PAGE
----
“I think there will be a greater alignment – especially in that transition period – all the way from when you go to CI [Colonial Inauguration] to when you get your housing, registration for classes, all those sorts of things will be another critical area,” he said.

Staff in the DSA and the enrollment offices were notified of the change Thursday, Maltzman said. He said the merger was not the result of budget cuts, and while staff members’ roles may change, he does not foresee “a reduction in staff.”

Student affairs offices have been hit hard with spending cuts in recent years, forcing officials to shuffle the leadership of some departments.

He said Laurie Koehler, the current vice provost for enrollment management and retention, will lead the new department. Costas Solomou, the dean of admissions, and the new dean of the student experience, who will have a role similar to Konwerski, will report to Koehler.

Maltzman said he chose Koehler to take on the new role as the senior vice provost of enrollment and the student experience because she has been a “change agent” during her roughly four years at GW.

Koehler spearheaded the University’s move to a test-optional admissions policy in 2015 and has led the effort to raise GW’s retention rates – a measure linked to student satisfaction that officials have called an area of “weakness” in the past.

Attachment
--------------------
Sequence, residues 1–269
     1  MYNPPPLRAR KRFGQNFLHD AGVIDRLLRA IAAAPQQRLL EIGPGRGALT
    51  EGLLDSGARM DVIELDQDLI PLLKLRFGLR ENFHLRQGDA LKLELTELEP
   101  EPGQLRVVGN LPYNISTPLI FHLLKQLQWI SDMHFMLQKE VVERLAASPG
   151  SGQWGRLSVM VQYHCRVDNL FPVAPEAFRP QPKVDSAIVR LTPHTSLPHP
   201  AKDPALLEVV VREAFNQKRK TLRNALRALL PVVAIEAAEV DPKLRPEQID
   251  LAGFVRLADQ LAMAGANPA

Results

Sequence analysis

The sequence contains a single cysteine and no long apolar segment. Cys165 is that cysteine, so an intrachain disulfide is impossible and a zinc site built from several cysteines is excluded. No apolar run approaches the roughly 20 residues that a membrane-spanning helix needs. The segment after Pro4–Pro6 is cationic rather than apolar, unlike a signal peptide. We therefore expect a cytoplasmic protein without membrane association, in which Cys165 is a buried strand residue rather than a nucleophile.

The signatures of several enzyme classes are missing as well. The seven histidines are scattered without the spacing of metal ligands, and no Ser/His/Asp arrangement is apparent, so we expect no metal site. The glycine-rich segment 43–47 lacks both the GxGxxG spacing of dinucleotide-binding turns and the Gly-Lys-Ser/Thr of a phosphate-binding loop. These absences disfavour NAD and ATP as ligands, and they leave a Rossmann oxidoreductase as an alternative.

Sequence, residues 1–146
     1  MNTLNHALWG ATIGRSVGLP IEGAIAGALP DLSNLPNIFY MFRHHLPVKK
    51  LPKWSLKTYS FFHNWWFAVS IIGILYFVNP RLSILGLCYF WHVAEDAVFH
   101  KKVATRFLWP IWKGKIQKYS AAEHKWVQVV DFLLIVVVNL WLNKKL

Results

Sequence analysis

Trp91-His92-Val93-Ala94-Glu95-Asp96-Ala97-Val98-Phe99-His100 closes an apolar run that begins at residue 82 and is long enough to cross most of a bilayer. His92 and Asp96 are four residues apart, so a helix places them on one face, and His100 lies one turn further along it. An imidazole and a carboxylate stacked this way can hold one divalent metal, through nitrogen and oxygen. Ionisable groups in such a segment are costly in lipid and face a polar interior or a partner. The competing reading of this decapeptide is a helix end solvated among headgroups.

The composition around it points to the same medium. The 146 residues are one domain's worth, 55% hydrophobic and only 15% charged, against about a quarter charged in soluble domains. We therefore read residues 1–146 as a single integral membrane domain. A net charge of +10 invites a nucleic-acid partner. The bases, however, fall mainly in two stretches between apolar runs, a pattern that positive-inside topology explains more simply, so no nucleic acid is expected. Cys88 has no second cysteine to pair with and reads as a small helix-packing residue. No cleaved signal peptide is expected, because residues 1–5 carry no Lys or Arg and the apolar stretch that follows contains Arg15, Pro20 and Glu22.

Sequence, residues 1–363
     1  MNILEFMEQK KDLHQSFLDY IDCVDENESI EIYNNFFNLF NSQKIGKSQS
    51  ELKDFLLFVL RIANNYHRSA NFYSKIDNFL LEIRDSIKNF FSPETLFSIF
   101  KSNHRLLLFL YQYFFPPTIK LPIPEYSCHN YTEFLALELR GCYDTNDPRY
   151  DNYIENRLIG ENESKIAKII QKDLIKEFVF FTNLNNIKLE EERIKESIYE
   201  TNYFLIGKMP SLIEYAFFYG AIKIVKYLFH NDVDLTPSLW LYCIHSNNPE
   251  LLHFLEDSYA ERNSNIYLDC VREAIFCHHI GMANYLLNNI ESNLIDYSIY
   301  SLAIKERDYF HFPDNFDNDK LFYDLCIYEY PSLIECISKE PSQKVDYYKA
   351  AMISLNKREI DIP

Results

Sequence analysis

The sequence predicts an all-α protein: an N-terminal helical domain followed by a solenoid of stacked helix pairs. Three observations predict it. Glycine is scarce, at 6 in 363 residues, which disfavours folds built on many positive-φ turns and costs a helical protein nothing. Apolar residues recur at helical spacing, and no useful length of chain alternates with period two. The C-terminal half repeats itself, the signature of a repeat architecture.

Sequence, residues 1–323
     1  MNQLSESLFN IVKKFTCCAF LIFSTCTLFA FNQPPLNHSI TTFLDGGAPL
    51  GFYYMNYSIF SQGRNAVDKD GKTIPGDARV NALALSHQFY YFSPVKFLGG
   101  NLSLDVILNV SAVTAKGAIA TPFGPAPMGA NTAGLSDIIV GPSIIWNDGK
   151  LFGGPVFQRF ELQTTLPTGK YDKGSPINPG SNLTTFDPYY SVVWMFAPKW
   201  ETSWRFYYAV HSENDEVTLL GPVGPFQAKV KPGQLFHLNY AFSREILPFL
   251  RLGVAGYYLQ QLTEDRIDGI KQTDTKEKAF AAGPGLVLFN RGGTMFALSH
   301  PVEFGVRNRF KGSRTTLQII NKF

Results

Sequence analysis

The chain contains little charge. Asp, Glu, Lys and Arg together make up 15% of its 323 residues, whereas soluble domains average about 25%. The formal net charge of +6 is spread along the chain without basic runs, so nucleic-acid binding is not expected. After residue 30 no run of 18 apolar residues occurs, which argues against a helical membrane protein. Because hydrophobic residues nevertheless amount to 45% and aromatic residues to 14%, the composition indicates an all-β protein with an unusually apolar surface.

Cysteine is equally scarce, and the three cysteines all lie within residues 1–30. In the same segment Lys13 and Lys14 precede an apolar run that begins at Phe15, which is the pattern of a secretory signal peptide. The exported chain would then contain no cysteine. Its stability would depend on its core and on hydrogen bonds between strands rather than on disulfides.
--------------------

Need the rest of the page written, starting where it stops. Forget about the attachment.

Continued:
“If this could be a way that we could make that experience for students even better than it is now, and I could play a part in that, and the institution felt like I could be successful in helping to facilitate that, then it was a pretty exciting opportunity,” Koehler said.

The details of how the new office will function have not yet been worked out, but over the next several months, officials will assess the various units it contains and may make structural changes, Koehler said. She added that recommendations from the Board of Trustees’ student engagement task force, formed last summer, would be crucial to establishing the new unit in the coming year.

“What I want to use the next several months to do is leverage some internal and some external folks to help us look at where we are, who we are, where the surfaces are, what our culture is like, what it could be – and then shape something that makes the most sense for the student experience,” she said.

Searching for a dean of the student experience
Koehler said officials will launch the search for a dean of the student experience in the coming weeks, which will include a committee of 15 to 20 students who will meet with the candidates when they come to campus.